• One respondent liked that fact that unlike many other browser benchmarks, WebXPRT tests more than just JavaScript calculation speed.
  • One respondent suggested that we include a link to a WebXPRT white paper within the UI, or at least a guide describing what happens during each workload.
  • One respondent stated that they would like for WebXPRT to automatically produce a good result file on the local test system.
  • One respondent said that WebXPRT has a relatively long runtime for a browser benchmark, and they would prefer that the runtime not increase in WebXPRT 4.
  • We had no direct calls for a battery life test, because many testers already have scripts and/or methodologies in place for battery testing, but one tester suggested adding the ability to loop the test so users can measure performance over varying lengths of time.
  • There were no requests to bring back any aspects of WebXPRT 2015 that we removed in WebXPRT 3.
  • There were no reports of significant connection issues when testing with WebXPRT.

We greatly appreciate the members of the tech press that responded to the survey. We’re still in the planning stages of WebXPRT 4, so there’s still time for anyone to send comments or ideas to benchmarkxprtsupport@principledtechnologies.com. We look forward to hearing from you!

Justin

Considering a battery life test for WebXPRT 4

A few weeks ago, we discussed the beginnings of a WebXPRT 4 development plan, and asked for reader feedback about potential workload changes. So far, the two most common feedback topics have been the possible addition of a WebAssembly workload, and the feasibility of including a browser-based battery life test. Today, we discuss what a WebXPRT 4 battery life test would look like, and some of the challenges we’d have to overcome to make it a reality.

Battery life tests fall into two primary categories: simple rundown tests and performance-weighted tests. Simple rundown tests measure battery life during extreme idle periods and loops of movie playbacks, etc., but do not reflect the wide-ranging mix of activities that characterize a typical day for most users. While they can be useful for performing very specific apple-to-apples comparisons, these tests have limited value when it comes to giving consumers a realistic estimation of the battery life they would experience during everyday use.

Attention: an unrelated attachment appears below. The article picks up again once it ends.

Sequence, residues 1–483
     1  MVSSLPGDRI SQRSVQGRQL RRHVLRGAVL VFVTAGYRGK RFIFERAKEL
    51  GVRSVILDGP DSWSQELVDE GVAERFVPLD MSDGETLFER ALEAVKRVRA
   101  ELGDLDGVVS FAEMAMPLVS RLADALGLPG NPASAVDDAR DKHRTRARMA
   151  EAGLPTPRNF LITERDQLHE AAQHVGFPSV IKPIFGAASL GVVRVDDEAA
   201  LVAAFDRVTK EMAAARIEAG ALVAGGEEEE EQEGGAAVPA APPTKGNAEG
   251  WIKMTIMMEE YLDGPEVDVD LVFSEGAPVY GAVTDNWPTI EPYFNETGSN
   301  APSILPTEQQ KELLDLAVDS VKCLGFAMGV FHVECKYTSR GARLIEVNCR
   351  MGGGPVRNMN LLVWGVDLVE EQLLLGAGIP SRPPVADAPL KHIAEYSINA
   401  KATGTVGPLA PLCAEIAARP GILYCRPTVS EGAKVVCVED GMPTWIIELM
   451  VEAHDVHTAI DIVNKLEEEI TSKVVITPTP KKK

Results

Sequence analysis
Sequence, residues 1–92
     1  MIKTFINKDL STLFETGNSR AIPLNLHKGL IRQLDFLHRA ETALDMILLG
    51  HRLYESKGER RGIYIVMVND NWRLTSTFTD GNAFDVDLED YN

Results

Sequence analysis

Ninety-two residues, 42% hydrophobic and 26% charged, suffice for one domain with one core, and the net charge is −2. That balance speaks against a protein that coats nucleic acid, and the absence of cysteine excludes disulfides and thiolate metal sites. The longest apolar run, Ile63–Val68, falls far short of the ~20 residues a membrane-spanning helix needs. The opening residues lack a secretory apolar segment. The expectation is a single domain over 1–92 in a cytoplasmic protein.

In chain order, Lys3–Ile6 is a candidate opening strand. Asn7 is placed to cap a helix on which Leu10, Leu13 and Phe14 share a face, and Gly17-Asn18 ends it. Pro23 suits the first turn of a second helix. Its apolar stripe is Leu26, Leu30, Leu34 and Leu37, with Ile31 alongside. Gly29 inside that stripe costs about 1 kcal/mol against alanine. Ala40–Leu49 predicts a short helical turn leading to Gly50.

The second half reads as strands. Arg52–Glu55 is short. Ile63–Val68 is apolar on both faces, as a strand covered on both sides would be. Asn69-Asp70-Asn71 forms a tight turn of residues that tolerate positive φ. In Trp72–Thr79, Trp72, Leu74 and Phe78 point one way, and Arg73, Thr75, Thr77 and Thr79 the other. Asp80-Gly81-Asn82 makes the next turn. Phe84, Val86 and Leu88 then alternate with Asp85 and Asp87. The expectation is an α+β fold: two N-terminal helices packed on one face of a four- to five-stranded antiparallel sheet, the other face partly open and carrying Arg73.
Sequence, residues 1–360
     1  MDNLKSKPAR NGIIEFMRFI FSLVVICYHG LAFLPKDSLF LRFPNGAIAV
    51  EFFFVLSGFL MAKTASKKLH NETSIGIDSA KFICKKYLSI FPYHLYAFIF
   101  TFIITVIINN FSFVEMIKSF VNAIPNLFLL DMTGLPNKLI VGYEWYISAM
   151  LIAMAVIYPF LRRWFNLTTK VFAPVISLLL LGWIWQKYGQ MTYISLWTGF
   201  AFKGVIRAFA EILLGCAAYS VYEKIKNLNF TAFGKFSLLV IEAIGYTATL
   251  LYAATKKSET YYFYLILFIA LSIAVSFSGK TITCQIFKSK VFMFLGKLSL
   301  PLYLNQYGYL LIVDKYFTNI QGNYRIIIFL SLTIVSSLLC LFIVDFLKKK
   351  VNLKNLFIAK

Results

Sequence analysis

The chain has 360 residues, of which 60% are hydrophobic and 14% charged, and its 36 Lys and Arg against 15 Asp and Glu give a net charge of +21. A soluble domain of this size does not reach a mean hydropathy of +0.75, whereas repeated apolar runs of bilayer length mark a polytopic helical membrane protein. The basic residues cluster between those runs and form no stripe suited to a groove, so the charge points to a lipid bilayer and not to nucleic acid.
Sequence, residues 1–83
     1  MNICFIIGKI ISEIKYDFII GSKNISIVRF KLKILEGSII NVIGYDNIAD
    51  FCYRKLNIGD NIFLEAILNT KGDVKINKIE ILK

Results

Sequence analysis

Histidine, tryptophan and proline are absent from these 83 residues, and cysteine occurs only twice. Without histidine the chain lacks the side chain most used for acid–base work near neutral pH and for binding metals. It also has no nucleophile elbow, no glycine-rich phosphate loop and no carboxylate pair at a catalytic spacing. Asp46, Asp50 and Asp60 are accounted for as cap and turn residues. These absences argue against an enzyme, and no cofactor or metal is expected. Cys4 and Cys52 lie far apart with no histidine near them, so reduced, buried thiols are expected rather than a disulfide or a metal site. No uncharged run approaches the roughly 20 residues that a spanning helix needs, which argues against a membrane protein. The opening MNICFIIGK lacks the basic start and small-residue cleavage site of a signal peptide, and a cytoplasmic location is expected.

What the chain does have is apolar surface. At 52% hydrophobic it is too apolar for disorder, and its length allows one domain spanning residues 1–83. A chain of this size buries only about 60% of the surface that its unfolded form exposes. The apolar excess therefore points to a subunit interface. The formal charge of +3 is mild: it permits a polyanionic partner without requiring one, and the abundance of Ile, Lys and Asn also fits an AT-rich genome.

In contrast, performance-weighted battery life tests, such as the one in CrXPRT 2, attempt to reflect real-world usage. The CrXPRT battery life test simulates common daily usage patterns for Chromebooks by including all the productivity workloads from the performance test, plus video playback, audio playback, and gaming scenarios. It also includes periods of wait/idle time. We believe this mixture of diverse activity and idle time better represents typical real-life behavior patterns. This makes the resulting estimated battery life much more helpful for consumers who are trying to match a device’s capabilities with their real-world needs.

From a technical standpoint, WebXPRT’s cross-platform nature presents us with several challenges that we did not face while developing the CrXPRT battery life test for Chrome OS. While the WebXPRT performance tests run in almost any browser, cross-browser differences in battery life reporting may restrict the battery life test to a single browser. For instance, Mozilla has deprecated the battery status API for Firefox, and we’re not yet sure if there’s another approach that would work. If a WebXPRT 4 battery life test supported only a single browser, such as Chrome or Safari, would you still be interested in using it? Please let us know.

A browser-based battery life workflow also presents other challenges that we do not face in native client applications such as CrXPRT:

  • A browser-based battery life test would require the user to check the starting and ending battery capacities, with no way for the app to independently verify data accuracy.
  • The battery life test could require more babysitting in the event of network issues. We can catch network failures and try to handle them by reporting periods of network disconnection, but those interruptions could influence the battery life duration.
  • The factors above could make it difficult to achieve repeatability. One way to address that problem would be to run the test in a standardized lab environment lab with a steady internet connection, but a long list of standardized environmental requirements would make the battery life test less attractive and less accessible to many testers.

Our intention with today’s blog is not to make a WebXPRT 4 battery life test seem like an impossibility. Rather, we want to share our perspective on what the test might look like, and describe some of the challenges and considerations in play. If you have thoughts about battery life testing, or experience with battery life APIs in one or more of the major browsers, we’d love to hear from you!

Justin